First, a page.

Leaving Salem: Just Who Do You Think You Are?
Not long after I moved to the beach I stopped by my favorite coffee shop. I had visited this café often while on vacation over the years, but I was now visiting it as a local. The early spring sun was shining across the emerald water, and the gulf breeze was blowing warm.
On this particular morning, my coffee shop – sorry I’ve claimed it as my own – was filled with busy, beautiful, wealthy people: Women with tans, cleavage, and tank tops; men with muscles and sunburns around their fresh haircuts; and children with miniature sunglasses and sandy butts.
Businessmen on vacation were lap-topping the wireless internet with the same ferociousness as they drank their double espressos. Teenage girls were chatting and texting up the proverbial storm over their cell phones. Young men were on the prowl.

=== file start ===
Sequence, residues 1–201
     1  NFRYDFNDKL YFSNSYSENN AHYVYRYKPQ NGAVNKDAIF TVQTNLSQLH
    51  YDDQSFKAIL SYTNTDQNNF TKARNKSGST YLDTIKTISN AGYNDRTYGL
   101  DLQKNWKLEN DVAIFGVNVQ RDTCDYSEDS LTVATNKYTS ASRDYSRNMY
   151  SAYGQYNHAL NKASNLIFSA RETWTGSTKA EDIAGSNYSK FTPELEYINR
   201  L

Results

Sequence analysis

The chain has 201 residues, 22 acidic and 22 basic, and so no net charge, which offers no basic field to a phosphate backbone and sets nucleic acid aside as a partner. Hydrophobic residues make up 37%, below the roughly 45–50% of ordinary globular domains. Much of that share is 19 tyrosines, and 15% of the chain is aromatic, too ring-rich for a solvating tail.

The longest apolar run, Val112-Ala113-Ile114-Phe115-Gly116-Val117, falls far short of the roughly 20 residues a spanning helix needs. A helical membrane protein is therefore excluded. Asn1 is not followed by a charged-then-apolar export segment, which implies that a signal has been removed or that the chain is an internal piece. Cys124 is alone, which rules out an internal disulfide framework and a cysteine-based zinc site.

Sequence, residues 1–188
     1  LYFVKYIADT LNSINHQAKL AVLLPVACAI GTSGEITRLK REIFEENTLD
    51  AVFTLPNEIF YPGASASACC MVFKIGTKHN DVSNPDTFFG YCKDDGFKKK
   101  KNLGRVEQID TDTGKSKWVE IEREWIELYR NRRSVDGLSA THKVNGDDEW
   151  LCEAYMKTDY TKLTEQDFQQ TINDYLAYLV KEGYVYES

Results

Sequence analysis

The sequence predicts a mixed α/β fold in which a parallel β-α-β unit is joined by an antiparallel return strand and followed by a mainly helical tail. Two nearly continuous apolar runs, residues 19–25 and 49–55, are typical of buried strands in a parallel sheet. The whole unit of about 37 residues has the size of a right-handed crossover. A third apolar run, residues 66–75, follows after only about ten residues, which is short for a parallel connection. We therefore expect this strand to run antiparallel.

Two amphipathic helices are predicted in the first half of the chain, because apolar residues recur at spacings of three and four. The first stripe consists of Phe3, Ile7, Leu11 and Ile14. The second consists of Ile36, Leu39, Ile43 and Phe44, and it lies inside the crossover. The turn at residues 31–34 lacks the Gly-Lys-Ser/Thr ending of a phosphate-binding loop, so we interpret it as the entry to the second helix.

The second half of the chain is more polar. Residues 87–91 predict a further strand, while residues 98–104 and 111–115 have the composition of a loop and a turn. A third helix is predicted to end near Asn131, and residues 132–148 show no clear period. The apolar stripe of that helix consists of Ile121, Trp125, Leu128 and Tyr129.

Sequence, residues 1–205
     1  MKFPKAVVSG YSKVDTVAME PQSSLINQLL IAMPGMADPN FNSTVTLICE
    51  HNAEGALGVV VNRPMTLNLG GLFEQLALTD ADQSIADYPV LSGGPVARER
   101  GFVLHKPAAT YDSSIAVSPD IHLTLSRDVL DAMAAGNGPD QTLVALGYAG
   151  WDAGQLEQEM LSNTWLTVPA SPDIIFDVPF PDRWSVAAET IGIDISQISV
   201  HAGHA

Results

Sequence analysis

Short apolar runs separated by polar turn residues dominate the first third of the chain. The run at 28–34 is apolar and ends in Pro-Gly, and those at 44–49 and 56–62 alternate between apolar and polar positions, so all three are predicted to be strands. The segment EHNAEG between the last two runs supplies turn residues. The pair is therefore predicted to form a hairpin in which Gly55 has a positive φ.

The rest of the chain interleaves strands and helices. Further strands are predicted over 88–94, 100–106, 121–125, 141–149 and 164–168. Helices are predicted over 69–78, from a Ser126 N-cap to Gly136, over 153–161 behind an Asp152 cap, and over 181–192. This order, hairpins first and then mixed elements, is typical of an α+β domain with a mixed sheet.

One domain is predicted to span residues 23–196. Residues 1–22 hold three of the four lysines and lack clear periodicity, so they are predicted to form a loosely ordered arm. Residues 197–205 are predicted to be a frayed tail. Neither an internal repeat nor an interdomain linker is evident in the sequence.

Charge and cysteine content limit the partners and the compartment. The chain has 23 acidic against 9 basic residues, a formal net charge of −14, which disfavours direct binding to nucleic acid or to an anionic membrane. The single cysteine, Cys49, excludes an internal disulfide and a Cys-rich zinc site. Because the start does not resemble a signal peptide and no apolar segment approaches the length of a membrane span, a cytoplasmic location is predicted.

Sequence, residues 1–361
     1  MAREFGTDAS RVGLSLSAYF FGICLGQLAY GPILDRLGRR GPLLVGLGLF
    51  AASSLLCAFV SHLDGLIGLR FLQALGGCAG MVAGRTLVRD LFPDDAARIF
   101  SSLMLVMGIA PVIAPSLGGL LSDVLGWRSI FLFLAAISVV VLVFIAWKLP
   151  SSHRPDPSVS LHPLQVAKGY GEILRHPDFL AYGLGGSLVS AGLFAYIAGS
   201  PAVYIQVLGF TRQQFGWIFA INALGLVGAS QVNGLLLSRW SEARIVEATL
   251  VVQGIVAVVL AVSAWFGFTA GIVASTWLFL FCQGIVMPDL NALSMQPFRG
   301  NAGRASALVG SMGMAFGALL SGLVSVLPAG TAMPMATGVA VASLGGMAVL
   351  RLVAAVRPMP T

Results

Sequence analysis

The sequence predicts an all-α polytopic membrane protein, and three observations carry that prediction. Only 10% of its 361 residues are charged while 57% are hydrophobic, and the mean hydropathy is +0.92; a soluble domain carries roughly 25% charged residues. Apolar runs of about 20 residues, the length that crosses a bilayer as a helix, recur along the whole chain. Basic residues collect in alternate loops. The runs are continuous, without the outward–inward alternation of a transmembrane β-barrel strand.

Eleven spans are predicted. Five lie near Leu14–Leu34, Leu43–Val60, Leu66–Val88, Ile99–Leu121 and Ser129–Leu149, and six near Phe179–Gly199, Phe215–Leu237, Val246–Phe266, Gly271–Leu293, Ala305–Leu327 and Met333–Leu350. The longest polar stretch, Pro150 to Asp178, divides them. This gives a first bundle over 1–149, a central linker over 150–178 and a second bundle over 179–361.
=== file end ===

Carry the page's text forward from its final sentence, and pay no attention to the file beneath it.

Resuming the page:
Parked in the lot, draped across surgically altered bodies, and dangling from wrists, ears, and fingers were the marks of American wealth and prosperity. Taking in all these sights and sounds I suddenly felt a strange pride blossom in my chest.
I was now a part of this – all of this. This was my brave new world. This was my home. I ambled up to the counter and ordered my favorite mocha disguising best I could my severe southern accent.
Of course my grandmother had a phrase for the charade I was conducting. She would say, “You’ve gotten too big for your own britches.” She was right. And I was about to learn this lesson the hard way.
I stepped out on to the porch of the coffee shop so pleased with how well I fit into this culture of sea, sand, and success, and so very pleased with myself. It was then I saw a gargantuan orange cat sitting on the hood of my car.
The well-polished veneer I had been maintaining suddenly cracked, and then collapsed. Before I could do anything else, the hillbilly inside of me got loose like turning the mule toward the barn at the end of the day.